I Love Old Things
One of the places I visit most in New York City is The MET. The MET (nickname of the Metropolitan Museum of Art) has its main facility on 5th Avenue and contains one of the greatest collections of art and artifacts in the world, but further up the island – the Munsee Lenape called it manaháhtaan – is the MET’s satellite museum, The Cloisters.
The founding of the Cloisters was a partnership among sculptor/collector George Grey Barnard, John D. Rockefeller Jr. (son of the founder of Standard Oil), the Metropolitan Museum, and other well-heeled New Yorkers.
Barnard was a fine sculptor but not financially successful – he had money troubles most of his life – so while living in France he began acquiring and selling medieval antiquities, including whole architectural structures, eventually shipping much of it to his home in upper Manhattan, establishing there his own small museum.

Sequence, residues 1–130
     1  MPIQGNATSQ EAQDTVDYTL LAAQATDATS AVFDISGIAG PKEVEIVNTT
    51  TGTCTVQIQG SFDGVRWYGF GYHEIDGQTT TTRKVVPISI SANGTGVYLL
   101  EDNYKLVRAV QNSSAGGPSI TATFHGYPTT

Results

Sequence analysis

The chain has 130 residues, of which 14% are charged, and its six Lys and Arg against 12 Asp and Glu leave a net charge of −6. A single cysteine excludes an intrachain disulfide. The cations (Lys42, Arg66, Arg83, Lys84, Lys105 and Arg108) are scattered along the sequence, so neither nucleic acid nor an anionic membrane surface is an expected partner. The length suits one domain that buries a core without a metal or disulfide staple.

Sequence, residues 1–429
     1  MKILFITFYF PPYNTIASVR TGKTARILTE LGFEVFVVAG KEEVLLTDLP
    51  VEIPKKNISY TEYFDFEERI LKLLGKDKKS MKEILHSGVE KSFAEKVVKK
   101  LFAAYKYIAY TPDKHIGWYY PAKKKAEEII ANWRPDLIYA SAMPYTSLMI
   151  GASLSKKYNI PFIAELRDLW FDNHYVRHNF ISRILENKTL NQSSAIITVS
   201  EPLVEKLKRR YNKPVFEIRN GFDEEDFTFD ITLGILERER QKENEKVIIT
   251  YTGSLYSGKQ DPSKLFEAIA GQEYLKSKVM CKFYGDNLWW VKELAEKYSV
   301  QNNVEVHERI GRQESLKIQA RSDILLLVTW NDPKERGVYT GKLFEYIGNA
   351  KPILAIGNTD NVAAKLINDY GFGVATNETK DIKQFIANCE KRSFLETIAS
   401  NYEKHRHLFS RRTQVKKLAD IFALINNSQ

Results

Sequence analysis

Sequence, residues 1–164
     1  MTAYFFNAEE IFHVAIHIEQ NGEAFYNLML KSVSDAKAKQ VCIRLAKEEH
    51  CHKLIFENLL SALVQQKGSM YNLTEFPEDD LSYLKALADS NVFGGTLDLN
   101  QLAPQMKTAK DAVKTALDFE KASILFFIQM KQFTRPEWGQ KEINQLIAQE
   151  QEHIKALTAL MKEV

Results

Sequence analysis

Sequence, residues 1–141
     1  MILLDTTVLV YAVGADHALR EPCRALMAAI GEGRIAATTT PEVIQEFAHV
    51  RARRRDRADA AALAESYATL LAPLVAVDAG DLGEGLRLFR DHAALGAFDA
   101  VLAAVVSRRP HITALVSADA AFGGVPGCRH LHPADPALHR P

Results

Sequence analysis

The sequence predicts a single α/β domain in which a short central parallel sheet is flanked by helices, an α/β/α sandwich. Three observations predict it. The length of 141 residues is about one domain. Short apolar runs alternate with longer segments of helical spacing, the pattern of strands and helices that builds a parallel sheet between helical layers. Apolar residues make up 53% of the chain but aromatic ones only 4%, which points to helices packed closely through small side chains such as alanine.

Most significantly, Barnard acquired substantial sections of four abandoned cloisters from French monasteries sundered by radicals during the French Revolution. Today they form key parts of the museum.